The group announced the hack through Twitter handle LulzSec, or The Lulz Canon, featuring a stick figure in a top hat, monocle and twirly moustache. The group also hacked the Twitter account of Fox15 TV before releasing a few bawdy tweets.
The same hackers were behind the theft of names, phone numbers and email addresses of 73,000 people who had applied for information on auditions for the U.S. edition of Simon Cowell’s talent show The X-Factor, to be broadcast on Fox television – this information was taken together with the Fox.com employee details in the same attack. Earlier this week the group posted the X-Factor list of names as a text file on Pirate Bay. A spokeswoman for Fox did not wish to comment on the matter.
One of the Tweets from hacker group LulzSec:
The group was unclear about why they were attacking Fox, saying there were different motivations among its members. They added that LulzSec was not part of Anonymous, a larger hacktivist and trolling collective that claimed responsibility for cyber attacks on HBGary Federal, MasterCard and PayPal, though its members have participated in some of these previous operations.
A tweet earlier today from LulzSec’s Twitter account invited supporters of Anonymous to join in its shenanigans. And in a public letter which appears to rally support from the disparate strands of Anonymous and elsewhere, the group wrote:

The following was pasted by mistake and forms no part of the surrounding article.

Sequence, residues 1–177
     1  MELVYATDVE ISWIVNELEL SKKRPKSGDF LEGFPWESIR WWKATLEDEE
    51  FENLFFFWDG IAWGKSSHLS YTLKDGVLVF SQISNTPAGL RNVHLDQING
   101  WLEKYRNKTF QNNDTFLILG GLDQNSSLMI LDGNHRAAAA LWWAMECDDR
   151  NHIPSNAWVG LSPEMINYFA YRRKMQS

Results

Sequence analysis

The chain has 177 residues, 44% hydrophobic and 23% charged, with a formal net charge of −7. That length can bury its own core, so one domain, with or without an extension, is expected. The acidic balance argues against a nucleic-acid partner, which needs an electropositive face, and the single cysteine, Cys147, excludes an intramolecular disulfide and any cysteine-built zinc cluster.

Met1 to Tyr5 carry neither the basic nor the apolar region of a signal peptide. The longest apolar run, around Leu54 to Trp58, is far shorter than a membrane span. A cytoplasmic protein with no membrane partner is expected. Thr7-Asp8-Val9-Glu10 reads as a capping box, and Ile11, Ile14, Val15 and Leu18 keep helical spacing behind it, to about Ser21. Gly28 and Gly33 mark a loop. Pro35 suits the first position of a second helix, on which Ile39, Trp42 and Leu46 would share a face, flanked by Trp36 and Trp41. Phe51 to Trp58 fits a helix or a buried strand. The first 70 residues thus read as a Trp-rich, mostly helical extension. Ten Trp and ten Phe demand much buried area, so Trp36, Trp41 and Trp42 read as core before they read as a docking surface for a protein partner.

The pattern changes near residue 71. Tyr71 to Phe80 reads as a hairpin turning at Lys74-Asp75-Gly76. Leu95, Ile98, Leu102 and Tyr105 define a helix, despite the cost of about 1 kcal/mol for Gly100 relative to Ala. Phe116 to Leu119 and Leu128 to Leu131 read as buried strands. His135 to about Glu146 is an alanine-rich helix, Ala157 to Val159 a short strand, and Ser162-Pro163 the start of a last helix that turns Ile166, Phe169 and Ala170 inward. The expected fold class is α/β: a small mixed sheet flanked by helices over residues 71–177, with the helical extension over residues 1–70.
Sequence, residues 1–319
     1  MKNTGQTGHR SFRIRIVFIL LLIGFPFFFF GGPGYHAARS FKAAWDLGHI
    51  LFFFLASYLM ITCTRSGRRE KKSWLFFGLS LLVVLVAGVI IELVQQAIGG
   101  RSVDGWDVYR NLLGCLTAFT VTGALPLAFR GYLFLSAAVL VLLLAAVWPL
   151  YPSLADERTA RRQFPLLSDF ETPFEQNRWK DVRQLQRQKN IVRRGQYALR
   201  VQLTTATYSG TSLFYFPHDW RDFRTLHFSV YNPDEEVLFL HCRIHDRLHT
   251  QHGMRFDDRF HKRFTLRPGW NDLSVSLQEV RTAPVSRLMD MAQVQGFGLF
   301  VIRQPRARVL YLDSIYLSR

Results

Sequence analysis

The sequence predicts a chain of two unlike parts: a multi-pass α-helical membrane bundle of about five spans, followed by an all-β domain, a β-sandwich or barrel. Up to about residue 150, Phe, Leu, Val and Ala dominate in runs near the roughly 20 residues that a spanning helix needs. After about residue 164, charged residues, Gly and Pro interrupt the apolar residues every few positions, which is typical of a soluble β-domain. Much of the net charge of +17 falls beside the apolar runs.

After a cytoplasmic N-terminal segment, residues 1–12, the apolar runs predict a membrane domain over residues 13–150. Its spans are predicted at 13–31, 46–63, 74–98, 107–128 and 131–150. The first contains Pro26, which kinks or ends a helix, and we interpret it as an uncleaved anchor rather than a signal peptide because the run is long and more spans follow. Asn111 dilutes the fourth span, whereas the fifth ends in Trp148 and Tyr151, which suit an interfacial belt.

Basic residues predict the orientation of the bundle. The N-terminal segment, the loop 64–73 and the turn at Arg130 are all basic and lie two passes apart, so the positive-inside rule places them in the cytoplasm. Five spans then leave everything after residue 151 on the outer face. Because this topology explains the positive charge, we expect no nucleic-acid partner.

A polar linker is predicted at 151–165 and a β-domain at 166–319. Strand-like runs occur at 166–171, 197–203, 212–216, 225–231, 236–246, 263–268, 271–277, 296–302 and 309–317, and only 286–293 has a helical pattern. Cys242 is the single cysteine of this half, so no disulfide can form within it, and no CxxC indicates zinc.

We don’t like you very much. As such, we cordially invite you to kiss our hand-crafted crescent fresh asses.
Remember that time we leaked all your X-Factor contestants? http://thepiratebay.org/torrent/6372763/X_Factor_Leaked_Contestants_Database
Well now we’re leaking some more of your junk. We invite the Internet to ravage the following list of emails and passwords (from a database within Fox.com) – Facebook, MySpace, PayPal, whatever you can get your hands on. Take from them everything. Remember to proxy up, or tunnel like a pro!
Follow us on twitter; we’re owning more things next week. Kisses!
All the best,
One of the group’s members said they manually went through all 364 lines of employee passwords to test them on LinkedIn accounts, then defaced the ones that shared the same password by replacing their profile picture with the LulzSec stick man. The 16 compromised LinkedIn profiles have since been taken down.
The main attack happened on April 19 when a group of four hackers searched Fox.com’s servers for vulnerabilities. By the time Fox.com’s IT administrators noticed the breach, a week had gone by and the hackers had taken information from several databases. One said they were still trawling through the data and were planning to leak more in the coming days, “probably more user login info.”
They hinted at their next target in a Tweet earlier today: “What’s next you ask? #FuckFBI.”
“They will not be happy bunnies lol,” the hacker added.
by Parmy Olson